The man fighting Donald Trump to preserve America’s national monuments

These treasured places include California’s Giant Sequoia woods, and the Upper Missouri Breaks.

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Announcing his decision to join “Americans from all backgrounds” in fighting Donald Trump’s plan to ‘‘review’’ 27 national monuments, Senator Tom Udall of New Mexico noted that: “For over a century, eight Republican and eight Democratic presidents have designated national monuments to preserve our nation’s treasured places…I don’t believe that the president has the authority to rescind or shrink national monument designations. But ‘details’ like the law haven’t stopped him before.”

These treasured places include California’s Giant Sequoia woods, the Upper Missouri Breaks and a number of incomparable sites in Arizona, New Mexico and Utah – notably, the Bears Ears Monument, which is the first to be co-managed by American Indians, who hold it sacred. By the department of the interior’s July deadline, more than 2.7 million comments in support of preserving the monuments’ current status had been logged.

That Udall should be one of those leading the fight in the Senate is, for those environmentalists with a sense of history, rather moving – for if there was ever a standout secretary of the interior in the US, it was Udall’s father, Stewart, who, as one of the few senior Kennedy appointees kept on by Lyndon Johnson, oversaw the creation of four national parks and six national monuments, as well as eight protected seashores and lake-shores and 56 wildlife refuges.

He was active in defending the rights of uranium miners and atomic plant workers, was an early proponent of solar power and, as Barack Obama remarked, “inspired countless Americans, who will continue his fight for clean air, clean water and to maintain our many natural treasures”.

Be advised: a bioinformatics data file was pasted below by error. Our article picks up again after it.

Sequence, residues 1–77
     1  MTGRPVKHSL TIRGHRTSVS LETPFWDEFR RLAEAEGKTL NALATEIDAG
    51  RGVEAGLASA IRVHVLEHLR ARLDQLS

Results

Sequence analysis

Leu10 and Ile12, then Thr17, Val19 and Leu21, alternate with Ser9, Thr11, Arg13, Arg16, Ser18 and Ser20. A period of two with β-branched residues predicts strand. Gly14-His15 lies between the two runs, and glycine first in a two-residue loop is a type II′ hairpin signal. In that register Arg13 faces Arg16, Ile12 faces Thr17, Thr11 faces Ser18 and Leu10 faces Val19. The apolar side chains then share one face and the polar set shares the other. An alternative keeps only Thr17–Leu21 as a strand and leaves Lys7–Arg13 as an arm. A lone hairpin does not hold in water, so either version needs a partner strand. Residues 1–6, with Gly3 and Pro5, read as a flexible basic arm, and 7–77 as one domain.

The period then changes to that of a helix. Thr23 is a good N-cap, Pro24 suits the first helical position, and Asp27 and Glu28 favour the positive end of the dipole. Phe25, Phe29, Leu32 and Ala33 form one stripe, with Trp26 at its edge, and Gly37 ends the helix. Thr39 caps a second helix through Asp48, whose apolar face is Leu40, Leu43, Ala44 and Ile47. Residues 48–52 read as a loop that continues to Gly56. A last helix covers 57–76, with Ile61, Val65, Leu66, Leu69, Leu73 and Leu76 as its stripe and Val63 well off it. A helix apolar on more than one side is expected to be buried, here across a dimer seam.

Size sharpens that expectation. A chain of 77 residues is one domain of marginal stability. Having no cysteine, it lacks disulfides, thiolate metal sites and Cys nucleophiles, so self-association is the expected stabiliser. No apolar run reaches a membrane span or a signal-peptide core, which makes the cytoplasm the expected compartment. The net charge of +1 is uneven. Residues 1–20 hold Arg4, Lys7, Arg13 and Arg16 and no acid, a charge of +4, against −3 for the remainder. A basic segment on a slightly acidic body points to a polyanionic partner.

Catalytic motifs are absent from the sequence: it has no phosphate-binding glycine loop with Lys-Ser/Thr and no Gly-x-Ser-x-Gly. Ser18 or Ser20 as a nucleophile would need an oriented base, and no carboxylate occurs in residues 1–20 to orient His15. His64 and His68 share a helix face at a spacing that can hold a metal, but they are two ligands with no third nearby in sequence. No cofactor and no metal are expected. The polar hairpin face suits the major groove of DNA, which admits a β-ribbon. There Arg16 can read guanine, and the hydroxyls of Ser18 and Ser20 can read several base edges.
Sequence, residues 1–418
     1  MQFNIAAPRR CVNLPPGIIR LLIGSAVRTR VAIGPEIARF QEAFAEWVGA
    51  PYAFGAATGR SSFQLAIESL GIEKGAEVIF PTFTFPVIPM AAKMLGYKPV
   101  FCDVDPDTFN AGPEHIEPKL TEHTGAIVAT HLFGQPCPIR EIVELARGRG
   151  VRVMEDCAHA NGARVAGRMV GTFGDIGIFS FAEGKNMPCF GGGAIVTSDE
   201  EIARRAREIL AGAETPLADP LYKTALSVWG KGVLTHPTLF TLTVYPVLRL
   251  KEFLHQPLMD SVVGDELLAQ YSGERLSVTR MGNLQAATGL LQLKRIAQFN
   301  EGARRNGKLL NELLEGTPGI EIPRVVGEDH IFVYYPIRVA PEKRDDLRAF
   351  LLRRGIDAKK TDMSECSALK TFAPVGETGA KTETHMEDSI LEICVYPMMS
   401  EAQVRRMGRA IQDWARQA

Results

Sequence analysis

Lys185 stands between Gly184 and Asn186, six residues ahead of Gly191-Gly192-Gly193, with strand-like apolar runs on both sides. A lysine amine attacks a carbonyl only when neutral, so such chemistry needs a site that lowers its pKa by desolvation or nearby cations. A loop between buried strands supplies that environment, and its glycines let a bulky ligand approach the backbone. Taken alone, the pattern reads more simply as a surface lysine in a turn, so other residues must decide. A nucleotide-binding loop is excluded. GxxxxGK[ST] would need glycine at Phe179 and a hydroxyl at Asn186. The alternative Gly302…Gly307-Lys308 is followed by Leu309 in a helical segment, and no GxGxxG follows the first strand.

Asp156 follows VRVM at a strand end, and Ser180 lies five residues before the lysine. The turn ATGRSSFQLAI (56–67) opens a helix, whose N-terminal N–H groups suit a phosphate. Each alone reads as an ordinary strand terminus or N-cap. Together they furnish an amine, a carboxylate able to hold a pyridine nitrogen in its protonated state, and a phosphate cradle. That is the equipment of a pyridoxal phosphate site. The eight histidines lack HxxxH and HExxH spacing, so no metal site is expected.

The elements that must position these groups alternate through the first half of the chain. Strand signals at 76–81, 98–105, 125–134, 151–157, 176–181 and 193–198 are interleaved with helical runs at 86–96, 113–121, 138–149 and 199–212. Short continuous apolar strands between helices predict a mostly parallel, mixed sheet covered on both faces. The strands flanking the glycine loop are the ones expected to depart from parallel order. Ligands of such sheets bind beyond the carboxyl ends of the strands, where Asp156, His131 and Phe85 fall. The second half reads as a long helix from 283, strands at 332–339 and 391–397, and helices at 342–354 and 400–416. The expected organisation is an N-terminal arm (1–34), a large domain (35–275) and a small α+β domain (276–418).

Those Americans have a battle on their hands today: few politicians can even pretend to the moral stature of the man who, in his 1963 book, The Quiet Crisis, set out a challenge for all ages. “A land ethic for tomorrow should be as honest as Thoreau’s Walden,” he wrote. “It should stress the oneness of our resources and the live-and-help-live logic of the great chain of life. If, in our haste to ‘progress’, the economics of ecology are disregarded…the result will be an ugly America.”

Udall – an advocate of the conservationist Rachel Carson, who ensured that her views on the pesticide DDT were given a fair hearing – was as fine a historian and analyst as he was a politician, and The Quiet Crisis records the damage done to the American wilderness by a process he defined as “the myth of overabundance”. He was one of the first to see through the idea, which, by the 1960s and 1970s, had come to dominate the environmental debate: a “myth of scientific supremacy” allowing us to overexploit the earth now, under the assumption that, eventually, a technological ‘‘fix’’ will come along. (Udall called this “presenting the repair bill to the next generation”.)

It is said that we get the politicians we deserve. I find it hard to imagine any society that deserves a Donald Trump (or a secretary of the interior such as the cowboy-hatted incumbent Ryan Zinke, a land developers’ favourite who has shown his willingness to support the privatisation of federal land). But would it be sadly naive to wish for a statesperson of Stewart L Udall’s wisdom and vision in these dark times? I do hope not, because our need, and that of the land, has never been more urgent.

This article appears in the 27 July 2017 issue of the New Statesman, Summer double issue

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